Publishing Info: March 9, 2010 by Penguin
Genres: Contemporary, Young Adult
Find it on the web: Buy from Amazon // Goodreads
Date Completed: July 15, 2012
Adrift after her sister Bailey's sudden death, Lennie finds herself torn between quiet, seductive Toby—Bailey's boyfriend who shares her grief—and Joe, the new boy in town who bursts with life and musical genius. Each offers Lennie something she desperately needs... though she knows if the two of them collide her whole world will explode. Join Lennie on this heartbreaking and hilarious journey of profound sorrow and mad love, as she makes colossal mistakes and colossal discoveries, as she traipses through band rooms and forest bedrooms and ultimately right into your heart. As much a celebration of love as a poignant portrait of loss, Lennie's struggle to sort her own melody out of the noise around her is always honest, often uproarious, and absolutely unforgettable.
Breaking It Down Further: Lennie Walker is lost without her sister and best friend, Bailey. When Bailey suddenly collapses and dies from a heart defect without warning, Lennie is left in the wake of her absence along with her grandmother and uncle (with whom she lives) and Bailey’s boyfriend Toby. Lennie always felt like the sidekick to her older sister, and now that she’s gone, she has to learn how to figure out her place in life without her and how to carve her own path in the world. Full of sorrow, heartbreak, romance, betrayal, mystery, and joy, THE SKY IS EVERYWHERE is a beautiful story about a girl and her family learning to cope with loss and move along after Bailey’s sudden tragedy.
For some reason I’ve been encountering a lot of books lately where I start them and the story is good — not yet great — and then somewhere in the middle of the book, I fall in love. THE SKY IS EVERYWHERE was no exception to that trend, and in no way is that a negative thing! Sometimes I get confused on how I should really feel about the book if the ending is so much stronger than the beginning, but isn’t that the whole point? The story gets better as you go along and who cares if the end result is that I loved it!
In the beginning of this story, I felt like we were very much getting the set up of Lennie, her wacky family (Gram & Uncle Big), and life after Bailey’s death. It was a necessary set up and immediately we are put into the “teen mindset”, with the narrative being told directly from Lennie and in a very much juvenile voice. I felt like that really helped me get into the characters and put a lot of emotion into the story since we get it streaming straight from Lennie. It actually made for a lot of fun at times as well because we also get the goofy over-excited gushing and lots of “Nuh-uh”/”Yuh-huh!” between Lennie and her best friend Sarah. It could have been annoying if it was overdone, but it was a nice balance and it made it cute and enjoyable! It’s kind of how much I loved If I Stay for how mature its tone was — I loved THE SKY IS EVERYWHERE for how realistic its teen voice was.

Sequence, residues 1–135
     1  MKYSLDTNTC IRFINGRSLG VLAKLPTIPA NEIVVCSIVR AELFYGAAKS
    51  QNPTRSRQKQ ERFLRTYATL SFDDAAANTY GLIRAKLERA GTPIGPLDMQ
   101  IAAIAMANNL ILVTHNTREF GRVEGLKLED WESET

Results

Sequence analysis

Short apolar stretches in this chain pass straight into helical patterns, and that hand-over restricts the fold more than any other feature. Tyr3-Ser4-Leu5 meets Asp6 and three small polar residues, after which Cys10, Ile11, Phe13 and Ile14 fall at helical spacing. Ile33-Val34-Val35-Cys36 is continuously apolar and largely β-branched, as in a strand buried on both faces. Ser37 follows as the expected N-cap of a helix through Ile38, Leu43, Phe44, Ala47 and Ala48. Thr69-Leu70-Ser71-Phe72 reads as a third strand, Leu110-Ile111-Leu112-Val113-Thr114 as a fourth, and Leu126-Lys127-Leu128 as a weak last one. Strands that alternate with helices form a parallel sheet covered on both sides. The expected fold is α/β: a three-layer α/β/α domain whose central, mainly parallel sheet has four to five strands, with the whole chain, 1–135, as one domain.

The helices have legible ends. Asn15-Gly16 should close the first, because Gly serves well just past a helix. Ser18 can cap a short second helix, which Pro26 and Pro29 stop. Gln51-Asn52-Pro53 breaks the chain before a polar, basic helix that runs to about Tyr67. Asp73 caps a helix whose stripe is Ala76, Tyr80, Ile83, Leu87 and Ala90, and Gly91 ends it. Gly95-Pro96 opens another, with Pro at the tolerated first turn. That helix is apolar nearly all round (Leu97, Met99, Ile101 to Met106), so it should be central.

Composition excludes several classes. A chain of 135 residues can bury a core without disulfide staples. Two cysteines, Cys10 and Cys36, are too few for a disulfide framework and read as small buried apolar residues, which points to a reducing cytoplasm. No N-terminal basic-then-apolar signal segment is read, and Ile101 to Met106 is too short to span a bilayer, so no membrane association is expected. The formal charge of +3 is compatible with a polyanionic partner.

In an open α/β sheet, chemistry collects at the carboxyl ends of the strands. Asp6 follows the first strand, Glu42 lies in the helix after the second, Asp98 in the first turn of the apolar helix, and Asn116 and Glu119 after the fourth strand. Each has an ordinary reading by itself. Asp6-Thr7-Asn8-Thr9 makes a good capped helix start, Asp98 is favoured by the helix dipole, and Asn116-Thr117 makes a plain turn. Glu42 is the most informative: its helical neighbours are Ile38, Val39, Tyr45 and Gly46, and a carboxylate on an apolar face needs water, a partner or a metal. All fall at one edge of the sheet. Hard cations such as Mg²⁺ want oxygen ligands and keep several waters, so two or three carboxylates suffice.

I think the story was particularly heartbreaking for me because it sort of put me in Lennie’s place. I’m the younger sister and I’ve grown so much closer with my older sister (the only sister I have!) in the past few years and she really is one of my best friends. It’s quite devastating to have to imagine myself going through that, so when I got so involved in the story, it made Lennie’s grief that much stronger as I was reading.
I actually liked the back-and-forth of Lennie going between Toby and Joe. Not in the sense that I agreed with it, but in the sense that it made sense to me. I feel like going through that kind of grief, it’s logical to go where you find comfort and at the same time Lennie almost felt wrong falling in love when she was in so much pain. It was a good story line in the book and just added that much more to the story versus just a straight-up whirlwind romance.
I absolutely adored the quirkiness of Lennie’s family! For some reason it had a very WALK TWO MOONS feel for me all throughout the book. I think it’s because of the relationship Lennie has with her grandmother and I pictured Big as the father-figure even though he’s Lennie’s uncle. It also had the missing mother element as well. I really think that made me that much more connected to the book since WALK TWO MOONS is one of my favorite books from my childhood.
It started off 4/4.5 but gosh darn it, I just fell in love with this book! It was really enjoyable and so bittersweet. I laughed, I was moved to tears, I reminisced — I just really made a connection with it.
- p 41: “‘Never know…’ I say, trying not to sound as swoony as I feel. And I’m just going to try to pretend that sitting-in-a-tree k-i-s-s-i-n-g rhyme didn’t just pop into my head.”
- p 98: “Joe crosses the room toward Toby: The sun on a collision course with the moon.”
- p 103: “Whoa – Well that was either the dorkiest or sexiest moment of my life and I’m voting for sexy on account of my standing here dumbstruck and giddy, wondering if he did kiss me after all.”
- p 120: “I had actually started to imagine trucking up the hill with Gram and Big in tow: the Munsters follow Marilyn on a date.”
- p 152: “I heard this expression once: Each time someone dies, a library burns. I’m watching it burn right to the ground.”
- p 257: “I will never stop grieving Bailey because I will never stop loving her. That’s just how it is. Grief and love are conjoined, you don’t get one without the other.”
- p 268: “He beams at me. ‘You’re crazier than me.'” (Had to put this one in! A variation of this exact excerpt happened just yesterday with my boyfriend & me)